On this day in 1793, the United States was just a fledgling nation with much unexplored land to the west. On that day, Henry Schoolcraft was born in Albany, New York. His father was a glass maker and Henry would follow in the family business for a time in his early years. At the age of 15 he became interested in geology and attended college. Soon the draw of the west enchanted him and he changed his path.
Henry is best known for his discovery of the source of the Mississippi River in Itasca, Minnesota. He also worked with the Native American Ojibwe people. He met his first wife, Jane Johnson in 1822 when he was assigned as an Indian agent in Sault Ste. Marie, Michigan. Jane was the daughter of a prominent Scots Irish fur trader and his Ojibwe wife. The fact that she was fluent in the native language, helped him to establish a good relationship with them. Jane’s Ojibwe name was Bamewawagezhikaquay (Woman of the Sound the Stars Make Rushing Through the Sky). Don’t you just love the descriptive names they were given? I’ve often wondered if they were named when they were older, so they knew what they would be like or if their given name described what they would become.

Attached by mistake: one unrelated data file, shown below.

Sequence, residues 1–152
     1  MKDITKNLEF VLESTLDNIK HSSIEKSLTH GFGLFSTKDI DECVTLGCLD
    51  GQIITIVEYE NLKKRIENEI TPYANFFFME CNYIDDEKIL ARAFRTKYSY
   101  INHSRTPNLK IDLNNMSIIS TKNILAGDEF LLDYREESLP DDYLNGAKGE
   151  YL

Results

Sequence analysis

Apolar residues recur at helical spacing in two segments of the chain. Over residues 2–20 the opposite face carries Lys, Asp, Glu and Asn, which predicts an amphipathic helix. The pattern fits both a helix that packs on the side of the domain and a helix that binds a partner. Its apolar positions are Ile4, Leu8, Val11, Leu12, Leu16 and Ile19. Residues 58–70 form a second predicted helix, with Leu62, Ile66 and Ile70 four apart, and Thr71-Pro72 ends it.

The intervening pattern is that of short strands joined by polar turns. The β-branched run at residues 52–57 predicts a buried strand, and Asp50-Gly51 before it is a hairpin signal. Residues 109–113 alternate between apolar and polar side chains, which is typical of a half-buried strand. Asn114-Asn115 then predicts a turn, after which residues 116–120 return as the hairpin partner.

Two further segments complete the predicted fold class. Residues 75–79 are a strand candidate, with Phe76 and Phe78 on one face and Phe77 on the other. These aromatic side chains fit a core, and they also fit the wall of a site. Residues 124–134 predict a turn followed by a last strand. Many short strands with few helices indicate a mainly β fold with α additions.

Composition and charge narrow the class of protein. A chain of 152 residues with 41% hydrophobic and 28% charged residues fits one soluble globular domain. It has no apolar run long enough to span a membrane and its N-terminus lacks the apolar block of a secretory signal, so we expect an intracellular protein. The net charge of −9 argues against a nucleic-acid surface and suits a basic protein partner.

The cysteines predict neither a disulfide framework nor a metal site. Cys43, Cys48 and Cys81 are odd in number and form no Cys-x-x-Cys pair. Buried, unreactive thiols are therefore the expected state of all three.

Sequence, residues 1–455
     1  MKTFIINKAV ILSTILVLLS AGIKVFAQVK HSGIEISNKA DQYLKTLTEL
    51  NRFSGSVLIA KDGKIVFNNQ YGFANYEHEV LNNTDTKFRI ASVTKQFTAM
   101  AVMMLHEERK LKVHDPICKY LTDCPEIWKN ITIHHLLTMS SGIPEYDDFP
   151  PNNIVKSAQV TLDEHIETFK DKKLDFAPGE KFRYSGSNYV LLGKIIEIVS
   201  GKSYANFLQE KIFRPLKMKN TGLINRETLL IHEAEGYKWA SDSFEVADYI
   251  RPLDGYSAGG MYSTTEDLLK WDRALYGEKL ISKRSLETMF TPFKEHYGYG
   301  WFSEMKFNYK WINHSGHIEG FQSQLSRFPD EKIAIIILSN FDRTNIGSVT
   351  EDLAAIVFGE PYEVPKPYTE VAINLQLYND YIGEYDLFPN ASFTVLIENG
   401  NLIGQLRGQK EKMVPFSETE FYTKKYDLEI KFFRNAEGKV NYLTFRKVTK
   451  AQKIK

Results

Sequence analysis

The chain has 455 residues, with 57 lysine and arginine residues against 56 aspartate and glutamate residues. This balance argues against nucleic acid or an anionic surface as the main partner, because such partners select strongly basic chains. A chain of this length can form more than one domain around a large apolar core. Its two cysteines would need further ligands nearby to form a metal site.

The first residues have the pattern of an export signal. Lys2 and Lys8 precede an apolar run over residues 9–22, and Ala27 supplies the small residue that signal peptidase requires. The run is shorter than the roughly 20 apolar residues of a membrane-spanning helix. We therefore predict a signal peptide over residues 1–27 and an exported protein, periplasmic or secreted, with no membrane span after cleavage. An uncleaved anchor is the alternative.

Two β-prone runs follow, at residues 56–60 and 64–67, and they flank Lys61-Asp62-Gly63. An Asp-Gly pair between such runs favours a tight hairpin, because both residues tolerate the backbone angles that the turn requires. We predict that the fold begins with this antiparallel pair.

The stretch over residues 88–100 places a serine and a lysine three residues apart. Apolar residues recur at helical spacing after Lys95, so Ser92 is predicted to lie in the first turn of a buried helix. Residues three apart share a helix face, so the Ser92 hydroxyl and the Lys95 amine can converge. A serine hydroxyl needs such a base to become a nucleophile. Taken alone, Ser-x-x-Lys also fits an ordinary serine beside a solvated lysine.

In any event, Jane and Henry worked together as a team and some say they were the inspiration for Longfellow’s Song of Hiawatha. Their partnership produced many books on native culture and language. Schoolcraft later engaged the artist, Seth Eastman as illustrator for his books. Eastman was renowned for his paintings of Native American peoples. He had painted the people and their surroundings at Fort Snelling in present day Minnesota. He also painted the Indians of the Great Plains.
Jane died in 1842 and Henry married southerner, Mary Howard. Schoolcraft didn’t anticipate the problems that would arise between her and his children. Mary was a slaveholder and didn’t believe in mixed race unions. Of course there would be conflict and the children alienated themselves from their father and his new wife.
During their years together, Mary would assist her husband in organizing the material for his books. When he became crippled with rheumatism, she became his hands. Upon his death in 1864, she donated over 200 books from his library, which had been published in 35 different Native American languages, to the Boston Athenaeum. My husband has seen some of the books from the Schoolcraft collection. He says they are as impressive as those created by Audubon during his lifetime. Schoolcraft’s contribution to American history is priceless.
HAPPY BIRTHDAY, HENRY SCHOOLCRAFT!